Potential Medical Complications of Eating Disorders
In addition to being psychologically painful disorders, it is important to note that anorexia and bulimia are two of the most potentially fatal psychiatric disorders. If you think you might have an eating disorder, please get a psychological and medical evaluation. Both are available to Barnard students (please see virtual brochure on treatment resources at Barnard).
Potential Medical Complications of Anorexia Nervosa:
- Increased cholesterol levels
- Lanugo (excessive body hair)
- Stunted growth
- Atrophy of the optic nerve, which can cause blindness
- Retinal degeneration
- Brain abnormalities
- Congestive heart failure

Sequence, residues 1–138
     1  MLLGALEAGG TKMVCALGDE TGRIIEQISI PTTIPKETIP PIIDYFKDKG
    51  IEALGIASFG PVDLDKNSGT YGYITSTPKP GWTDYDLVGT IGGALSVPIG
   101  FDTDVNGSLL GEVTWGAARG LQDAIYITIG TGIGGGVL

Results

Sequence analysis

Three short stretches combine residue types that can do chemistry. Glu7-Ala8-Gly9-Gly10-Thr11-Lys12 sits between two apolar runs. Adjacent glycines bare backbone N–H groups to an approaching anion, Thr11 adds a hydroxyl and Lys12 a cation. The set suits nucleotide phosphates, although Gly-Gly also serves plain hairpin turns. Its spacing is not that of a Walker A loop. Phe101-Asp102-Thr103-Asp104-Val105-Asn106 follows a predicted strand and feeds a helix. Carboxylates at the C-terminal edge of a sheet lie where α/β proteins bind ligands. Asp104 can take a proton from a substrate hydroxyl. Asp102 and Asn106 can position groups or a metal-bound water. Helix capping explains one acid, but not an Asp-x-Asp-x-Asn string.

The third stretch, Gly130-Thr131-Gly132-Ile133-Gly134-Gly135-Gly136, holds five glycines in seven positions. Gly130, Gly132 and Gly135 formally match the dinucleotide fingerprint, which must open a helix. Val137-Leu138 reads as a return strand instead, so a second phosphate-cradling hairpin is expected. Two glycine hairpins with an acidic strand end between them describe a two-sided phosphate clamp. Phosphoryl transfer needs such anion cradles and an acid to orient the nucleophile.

- Electrolyte imbalance, which can produce life-threatening consequences
It has been estimated that up to 20% of anorectics die of a complication related to the disorder.
Potential Medical Complications of Bulimia Nervosa:
- Heart damage
- Menstrual abnormalities
- Kidney failure
- Erosion of tooth enamel
- Gastric rupture, which is rare; when it does occur, it has a mortality rate that exceeds 80%
- Electrolyte imbalances, which can produce life-threatening consequences
- Hair loss
- Epileptic seizures
- Mucosal ulcers
Although the mortality rates of bulimia are not yet known, some clinicians believe that they may be as high as those for anorexia.
Medical Risks of Binge-Eating Disorder:
Modest deviations in weight have only a small effect on life expectancy. Research suggests that weight fluctuations (which can result from binge-eating disorder, particularly when accompanied by periods of restriction) are more harmful to a person’s health than a stable, above-average weight.